‘Reversing these trends must be a high-level priority for the Secretary-General and, given the importance of civil society to human rights, security and development, should be seen as a question of international peace and security,’ Mr Lynch said.

In the course of the meeting, ISHR made four key proposals to the Secretary-General in this regard.

Combating reprisals

First, while recognising the progress in some bodies and the complex politics in others, ISHR expressed dismay at the failure of the UN as a whole to meet its moral and legal duty to take all necessary steps to prevent, address and follow up on cases of intimidation and reprisals against those who provide information, evidence, testimony, reports or otherwise cooperate with the UN. Whether by reference to Human Rights Council Resolution 24/24 or by exercising his ‘good offices’, the Secretary-General should appoint or designate a high-level focal point or representative to combat reprisals without further delay.

‘The continuing failure to appoint a focal point undermines the institutional authority of the Human Rights Council and fails those who risk their livelihoods and even lives by cooperating with the UN. Meeting the moral and legal duty to respond to reprisals should be part of the Secretary-General’s legacy. Reprisals must not be allowed to continue to worsen under his watch,’ Mr Lynch said.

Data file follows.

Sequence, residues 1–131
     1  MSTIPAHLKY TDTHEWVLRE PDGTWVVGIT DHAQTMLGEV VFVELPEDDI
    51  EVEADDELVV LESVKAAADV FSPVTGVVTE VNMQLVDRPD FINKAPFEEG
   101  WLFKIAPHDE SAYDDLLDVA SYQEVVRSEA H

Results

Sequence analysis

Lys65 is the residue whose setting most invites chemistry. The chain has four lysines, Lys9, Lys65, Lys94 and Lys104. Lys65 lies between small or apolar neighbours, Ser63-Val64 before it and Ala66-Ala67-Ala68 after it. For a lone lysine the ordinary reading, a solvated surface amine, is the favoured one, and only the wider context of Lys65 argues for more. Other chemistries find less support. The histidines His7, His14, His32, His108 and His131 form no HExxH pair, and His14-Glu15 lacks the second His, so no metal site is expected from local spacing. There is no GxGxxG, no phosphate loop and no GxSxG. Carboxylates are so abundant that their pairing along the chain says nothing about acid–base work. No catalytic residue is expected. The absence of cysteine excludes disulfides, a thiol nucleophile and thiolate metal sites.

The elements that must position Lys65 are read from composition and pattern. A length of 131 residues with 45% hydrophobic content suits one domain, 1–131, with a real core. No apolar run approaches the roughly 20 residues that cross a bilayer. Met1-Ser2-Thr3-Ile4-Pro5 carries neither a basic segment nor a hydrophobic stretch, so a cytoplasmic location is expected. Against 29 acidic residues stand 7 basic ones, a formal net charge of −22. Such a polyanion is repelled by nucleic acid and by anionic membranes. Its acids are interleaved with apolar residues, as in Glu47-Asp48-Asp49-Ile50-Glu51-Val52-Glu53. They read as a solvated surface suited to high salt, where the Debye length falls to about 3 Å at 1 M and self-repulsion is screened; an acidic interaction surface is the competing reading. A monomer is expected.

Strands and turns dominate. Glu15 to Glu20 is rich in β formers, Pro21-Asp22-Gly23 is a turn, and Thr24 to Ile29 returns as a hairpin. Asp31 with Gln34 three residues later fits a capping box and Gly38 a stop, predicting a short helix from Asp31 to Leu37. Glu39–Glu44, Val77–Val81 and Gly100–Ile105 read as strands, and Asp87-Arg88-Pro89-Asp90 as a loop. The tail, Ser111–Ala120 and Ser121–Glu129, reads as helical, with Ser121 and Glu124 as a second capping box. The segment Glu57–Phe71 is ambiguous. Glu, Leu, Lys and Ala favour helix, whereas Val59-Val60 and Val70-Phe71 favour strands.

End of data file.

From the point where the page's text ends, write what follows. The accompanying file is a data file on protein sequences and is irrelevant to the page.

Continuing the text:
Protecting freedom of expression and association at the UN

Second, ISHR called attention to the fact that many processes for NGO access to and participation in UN meetings lack transparency, and systematically discriminate against human rights NGOs, particularly those focused on women’s rights, LGBTI rights and minority rights. The practice of the ECOSOC NGO Committee, the gateway for many NGOs to full participation in the UN, has been criticised by member States, NGOs and the UN’s own independent experts alike.